Sunday, Jun 26, 2022
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Whispers From A Friend

In an age of distractions, reading stills the senses, a much fuller world in which one learns to hear what’s not there, to see what’s never shown

Whispers From A Friend
Whispers From A Friend Photograph: Narendra Bisht; Installation by Pierre Legrand/Roli Books Collection

I can still remember the afternoon, on my 15th birthday, when I opened up The Virgin and the Gypsy, D.H. Lawrence’s novella, in my tiny cell in boarding school, and whole worlds of possibility opened out that I had never guessed existed. The language was on fire and sang of liberation. The author was so wide-awake he could tell me how the crocuses felt and how the wind breathed through the trees. And the story of venturing out of the known into something dark and palpitating could not fail to appeal to a restless adolescent boy. It was as if this stranger was sharing secrets with me about everything that was most important in life—love, faith, terror, doubt—with such trembling intensity that I could do nothing but start whispering secrets back to him.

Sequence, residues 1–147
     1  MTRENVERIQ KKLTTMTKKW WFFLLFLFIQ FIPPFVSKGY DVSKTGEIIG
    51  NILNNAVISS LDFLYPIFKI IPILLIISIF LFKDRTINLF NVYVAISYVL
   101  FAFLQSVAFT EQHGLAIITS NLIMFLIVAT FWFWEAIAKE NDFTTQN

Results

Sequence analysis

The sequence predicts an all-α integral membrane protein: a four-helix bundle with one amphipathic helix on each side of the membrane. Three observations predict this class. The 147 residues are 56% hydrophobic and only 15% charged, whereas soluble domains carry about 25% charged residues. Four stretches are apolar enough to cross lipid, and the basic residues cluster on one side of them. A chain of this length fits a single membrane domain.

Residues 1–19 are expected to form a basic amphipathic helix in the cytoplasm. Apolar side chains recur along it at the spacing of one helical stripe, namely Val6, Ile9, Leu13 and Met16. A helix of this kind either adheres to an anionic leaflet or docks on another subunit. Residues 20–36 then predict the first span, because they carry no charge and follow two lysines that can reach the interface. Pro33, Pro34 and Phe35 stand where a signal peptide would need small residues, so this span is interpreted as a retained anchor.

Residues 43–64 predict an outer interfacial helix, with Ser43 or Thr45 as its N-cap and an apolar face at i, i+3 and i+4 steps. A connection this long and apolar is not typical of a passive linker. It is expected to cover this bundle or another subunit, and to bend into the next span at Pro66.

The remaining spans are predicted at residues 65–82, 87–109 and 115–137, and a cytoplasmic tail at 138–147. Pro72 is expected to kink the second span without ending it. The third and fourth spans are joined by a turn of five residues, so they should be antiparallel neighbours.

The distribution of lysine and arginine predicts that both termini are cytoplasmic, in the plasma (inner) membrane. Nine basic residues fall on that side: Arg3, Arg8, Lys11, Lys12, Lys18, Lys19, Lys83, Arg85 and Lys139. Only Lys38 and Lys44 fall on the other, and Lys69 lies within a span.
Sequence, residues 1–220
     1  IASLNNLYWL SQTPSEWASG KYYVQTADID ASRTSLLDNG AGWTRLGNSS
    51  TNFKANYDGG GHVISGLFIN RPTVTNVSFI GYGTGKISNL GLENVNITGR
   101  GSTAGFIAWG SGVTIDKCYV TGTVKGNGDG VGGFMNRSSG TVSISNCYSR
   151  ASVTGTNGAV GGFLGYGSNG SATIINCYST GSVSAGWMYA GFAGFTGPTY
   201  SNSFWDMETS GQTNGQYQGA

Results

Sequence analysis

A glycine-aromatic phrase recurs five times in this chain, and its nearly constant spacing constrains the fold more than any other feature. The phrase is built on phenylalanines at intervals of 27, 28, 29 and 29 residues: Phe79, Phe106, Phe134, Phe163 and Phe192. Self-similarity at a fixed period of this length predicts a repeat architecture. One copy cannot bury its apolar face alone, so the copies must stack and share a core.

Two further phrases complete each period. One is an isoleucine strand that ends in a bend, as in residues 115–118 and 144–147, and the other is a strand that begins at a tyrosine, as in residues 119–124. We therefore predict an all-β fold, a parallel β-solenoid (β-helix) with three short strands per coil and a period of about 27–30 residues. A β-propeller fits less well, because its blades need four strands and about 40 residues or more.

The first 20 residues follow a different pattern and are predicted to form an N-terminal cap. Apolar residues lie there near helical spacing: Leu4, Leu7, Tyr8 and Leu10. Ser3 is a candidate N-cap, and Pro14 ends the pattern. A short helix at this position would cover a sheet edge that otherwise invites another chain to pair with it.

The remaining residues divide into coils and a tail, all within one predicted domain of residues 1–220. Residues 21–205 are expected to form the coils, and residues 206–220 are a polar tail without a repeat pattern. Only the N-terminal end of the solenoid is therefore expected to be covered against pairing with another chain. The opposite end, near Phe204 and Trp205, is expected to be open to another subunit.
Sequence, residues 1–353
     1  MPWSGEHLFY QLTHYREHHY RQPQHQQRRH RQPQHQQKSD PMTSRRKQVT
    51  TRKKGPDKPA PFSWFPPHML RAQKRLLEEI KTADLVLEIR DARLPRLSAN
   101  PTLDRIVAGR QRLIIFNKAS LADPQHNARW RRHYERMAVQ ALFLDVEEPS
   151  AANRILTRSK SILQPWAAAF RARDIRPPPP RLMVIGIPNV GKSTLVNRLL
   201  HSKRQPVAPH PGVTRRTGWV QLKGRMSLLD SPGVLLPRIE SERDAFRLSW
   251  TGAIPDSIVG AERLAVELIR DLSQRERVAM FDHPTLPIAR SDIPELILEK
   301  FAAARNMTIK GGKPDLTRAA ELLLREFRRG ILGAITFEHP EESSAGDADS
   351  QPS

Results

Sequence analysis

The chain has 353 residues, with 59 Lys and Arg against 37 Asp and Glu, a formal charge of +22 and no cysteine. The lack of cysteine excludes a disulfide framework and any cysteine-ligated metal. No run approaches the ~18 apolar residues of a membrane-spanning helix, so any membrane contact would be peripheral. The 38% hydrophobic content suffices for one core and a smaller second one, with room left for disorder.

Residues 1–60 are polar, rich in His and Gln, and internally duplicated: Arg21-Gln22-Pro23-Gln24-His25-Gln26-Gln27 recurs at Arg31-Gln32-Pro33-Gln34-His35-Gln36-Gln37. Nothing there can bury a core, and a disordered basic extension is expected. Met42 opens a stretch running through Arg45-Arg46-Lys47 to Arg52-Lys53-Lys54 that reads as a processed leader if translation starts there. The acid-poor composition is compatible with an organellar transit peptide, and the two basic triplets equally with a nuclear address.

Lawrence uncovered parts of myself that even my closest friends or family could never have known were hidden within me. And as I started wandering out into the sunlit galaxy he had opened, other doors started flying open, as I entered Keats’s letters, and Paul Scott’s Raj Quartet, Graham Greene’s The Quiet American and, at this point, works by contemporaries that contrive to reorient my life every few months, so it seems, and leave an indelible mark on my soul (whether it’s Rohinton Mistry’s A Fine Balance or Alice Munro’s latest collection of stories).

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